And so I say to the children of New Zealand if the Easter Bunny doesn’t make it to your household, then we have to understand that it is a bit difficult at the moment for the Bunny to perhaps get everywhere.”

But I have a bit of an idea that maybe in lieu of the Bunny being able to make it to you home, maybe you could create your own Easter hunt for all the children in your neighbourhood?

So if you are one of those homes that’s had a teddy in your front window, maybe draw an Easter egg and pop it into your front window and help children in your neighbourhood with their own Easter egg hunt – because the Easter Bunny might not get everywhere this year.

post-Cabinet media briefing 6 April 2020


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wikipedia.org Article for Naoki Higashida

This is one of a number of articles I intend to re-blog opposing Wikipedia editorial policy that promotes “the complete erasure of living, breathing, autistic human beings and their experiences from the world’s largest encyclopedia”.

The Wikipedia.org article for Naoki Higashida was removed. In protest, The Aspergian is publishing it on our site.

Source: wikipedia.org Article for Naoki Higashida (3 minute read)


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wikipedia.org Article on Amy Sequenzia

This is one of a number of articles I intend to re-blog opposing Wikipedia editorial policy that promotes “the complete erasure of living, breathing, autistic human beings and their experiences from the world’s largest encyclopedia”.

When non-speaking autistics are given tools and choices for ways to communicate, to express themselves, they are empowered to become the authors of their own narratives.  In doing so, the power to own someone else’s story and control the autonomy of non-speakers is removed from institutions, systems, and individuals.  Because of this, corporations, “charities,” and…

Source: wikipedia.org Article on Amy Sequenzia (5 minute read)


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Wikipedia.org Article on Lucy Blackman

This is one of a number of articles I intend to re-blog opposing Wikipedia editorial policy that promotes “the complete erasure of living, breathing, autistic human beings and their experiences from the world’s largest encyclopedia”.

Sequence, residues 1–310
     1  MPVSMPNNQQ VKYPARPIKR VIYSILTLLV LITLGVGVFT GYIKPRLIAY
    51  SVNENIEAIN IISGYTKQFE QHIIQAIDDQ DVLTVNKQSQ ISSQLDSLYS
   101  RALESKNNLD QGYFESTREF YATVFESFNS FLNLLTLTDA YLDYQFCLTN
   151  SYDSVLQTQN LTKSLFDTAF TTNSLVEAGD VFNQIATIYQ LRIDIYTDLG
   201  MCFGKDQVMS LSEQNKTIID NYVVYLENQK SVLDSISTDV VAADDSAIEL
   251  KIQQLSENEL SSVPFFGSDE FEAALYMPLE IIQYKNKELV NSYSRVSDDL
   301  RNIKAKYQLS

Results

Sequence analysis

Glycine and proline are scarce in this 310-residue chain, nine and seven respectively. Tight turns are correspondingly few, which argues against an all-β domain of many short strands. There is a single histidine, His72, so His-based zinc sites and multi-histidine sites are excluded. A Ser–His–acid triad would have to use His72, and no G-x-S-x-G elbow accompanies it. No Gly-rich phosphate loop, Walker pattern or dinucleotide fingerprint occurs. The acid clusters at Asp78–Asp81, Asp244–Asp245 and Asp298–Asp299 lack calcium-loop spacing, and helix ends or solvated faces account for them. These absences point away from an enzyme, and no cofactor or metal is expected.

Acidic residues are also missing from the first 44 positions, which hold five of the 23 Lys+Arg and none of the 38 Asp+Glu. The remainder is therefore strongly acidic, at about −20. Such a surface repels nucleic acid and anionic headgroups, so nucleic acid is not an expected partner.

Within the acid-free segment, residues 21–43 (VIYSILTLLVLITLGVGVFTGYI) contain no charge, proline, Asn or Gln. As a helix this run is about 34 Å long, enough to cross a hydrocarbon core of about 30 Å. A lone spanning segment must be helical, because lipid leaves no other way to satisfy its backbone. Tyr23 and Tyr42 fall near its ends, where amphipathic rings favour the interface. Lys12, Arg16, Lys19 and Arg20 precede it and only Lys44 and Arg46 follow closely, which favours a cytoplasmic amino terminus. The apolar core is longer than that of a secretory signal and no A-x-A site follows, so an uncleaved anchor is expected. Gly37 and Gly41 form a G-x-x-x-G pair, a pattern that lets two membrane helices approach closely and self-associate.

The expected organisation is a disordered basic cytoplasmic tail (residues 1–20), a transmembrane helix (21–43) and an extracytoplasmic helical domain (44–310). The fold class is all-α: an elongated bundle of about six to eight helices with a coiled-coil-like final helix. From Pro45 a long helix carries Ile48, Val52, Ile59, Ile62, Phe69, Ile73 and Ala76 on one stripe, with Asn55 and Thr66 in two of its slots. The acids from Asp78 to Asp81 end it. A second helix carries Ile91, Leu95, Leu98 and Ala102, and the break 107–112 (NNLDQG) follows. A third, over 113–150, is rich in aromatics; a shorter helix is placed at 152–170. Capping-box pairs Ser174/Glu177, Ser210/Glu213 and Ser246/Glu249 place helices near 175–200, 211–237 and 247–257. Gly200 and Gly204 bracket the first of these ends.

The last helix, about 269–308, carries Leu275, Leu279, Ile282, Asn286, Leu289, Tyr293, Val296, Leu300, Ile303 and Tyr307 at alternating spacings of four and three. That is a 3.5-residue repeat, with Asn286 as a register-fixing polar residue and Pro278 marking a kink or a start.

Wikipedia editors have gotten many autistic nonspeaker’s pages removed from the site. We are republishing the pages in protest.

Source: Wikipedia.org Article on Lucy Blackman (3 minute read)


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wikipedia.org Article on Tito Mukhopadhyay

This is one of a number of articles I intend to re-blog opposing Wikipedia editorial policy that promotes “the complete erasure of living, breathing, autistic human beings and their experiences from the world’s largest encyclopedia”.

Tito Mukhopadhyay is a non-speaking autistic author and poet. His page was removed by Wikipedia vandals. In protest, The Aspergian is publishing them here.

Source: wikipedia.org Article on Tito Mukhopadhyay


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FC, RPM, and How Wikipedia Became Complicit in Silencing Non-speaking Autistics

This is one of a number of articles I am linking to in opposition to Wikipedia editorial policy that promotes “the complete erasure of living, breathing, autistic human beings and their experiences from the world’s largest encyclopedia”.

Over the past few months, I was involved in an editing dispute on Wikipedia involving the efficacy of facilitated communication (FC) and Rapid Prompting Method (RPM). What began with one contentious edit has now resulted in the deletion of the following biographical articles of autistic people from Wikipedia: Amy Sequenzia, a prominent non-speaking self-advocate who…

Source: FC, RPM, and How Wikipedia Became Complicit in Silencing Non-speaking Autistics


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I have stopped donating to Wikipedia

For many years I have been donating anonymously to Wikipedia. Last year I slipped up and provided an email address. As a consequence, I received an email from Wikipedia the other day requesting another donation.

I will not be donating to Wikipedia.

While Wikipedia maintains its editorial policy of deleting pages by or about non-speaking autistics, I refuse to support it financially. For a better understanding of the background, I recommend reading FC, RPM, AND HOW WIKIPEDIA BECAME COMPLICIT IN SILENCING NON-SPEAKING AUTISTICS (13 minute read)